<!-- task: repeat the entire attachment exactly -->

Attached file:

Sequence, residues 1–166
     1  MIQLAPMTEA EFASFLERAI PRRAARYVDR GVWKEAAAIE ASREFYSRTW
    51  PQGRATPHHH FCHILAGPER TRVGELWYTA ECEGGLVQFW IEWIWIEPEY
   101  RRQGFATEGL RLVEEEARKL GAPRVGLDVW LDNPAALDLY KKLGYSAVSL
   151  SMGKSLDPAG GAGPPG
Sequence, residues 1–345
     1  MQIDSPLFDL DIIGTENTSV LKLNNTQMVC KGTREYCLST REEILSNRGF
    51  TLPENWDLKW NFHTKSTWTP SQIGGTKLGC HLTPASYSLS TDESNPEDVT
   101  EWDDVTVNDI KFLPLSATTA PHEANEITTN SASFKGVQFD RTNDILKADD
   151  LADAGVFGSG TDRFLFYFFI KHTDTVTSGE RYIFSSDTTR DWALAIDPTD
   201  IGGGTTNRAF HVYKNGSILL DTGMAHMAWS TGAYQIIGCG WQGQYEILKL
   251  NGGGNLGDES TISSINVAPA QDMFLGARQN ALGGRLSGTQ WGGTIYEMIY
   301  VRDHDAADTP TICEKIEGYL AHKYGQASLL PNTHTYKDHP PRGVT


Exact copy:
Sequence, residues 1–166
     1  MIQLAPMTEA EFASFLERAI PRRAARYVDR GVWKEAAAIE ASREFYSRTW
    51  PQGRATPHHH FCHILAGPER TRVGELWYTA ECEGGLVQFW IEWIWIEPEY
   101  RRQGFATEGL RLVEEEARKL GAPRVGLDVW LDNPAALDLY KKLGYSAVSL
   151  SMGKSLDPAG GAGPPG
Sequence, residues 1–345
     1  MQIDSPLFDL DIIGTENTSV LKLNNTQMVC KGTREYCLST REEILSNRGF
    51  TLPENWDLKW NFHTKSTWTP SQIGGTKLGC HLTPASYSLS TDESNPEDVT
   101  EWDDVTVNDI KFLPLSATTA PHEANEITTN SASFKGVQFD RTNDILKADD
   151  LADAGVFGSG TDRFLFYFFI KHTDTVTSGE RYIFSSDTTR DWALAIDPTD
   201  IGGGTTNRAF HVYKNGSILL DTGMAHMAWS TGAYQIIGCG WQGQYEILKL
   251  NGGGNLGDES TISSINVAPA QDMFLGARQN ALGGRLSGTQ WGGTIYEMIY
   301  VRDHDAADTP TICEKIEGYL AHKYGQASLL PNTHTYKDHP PRGVT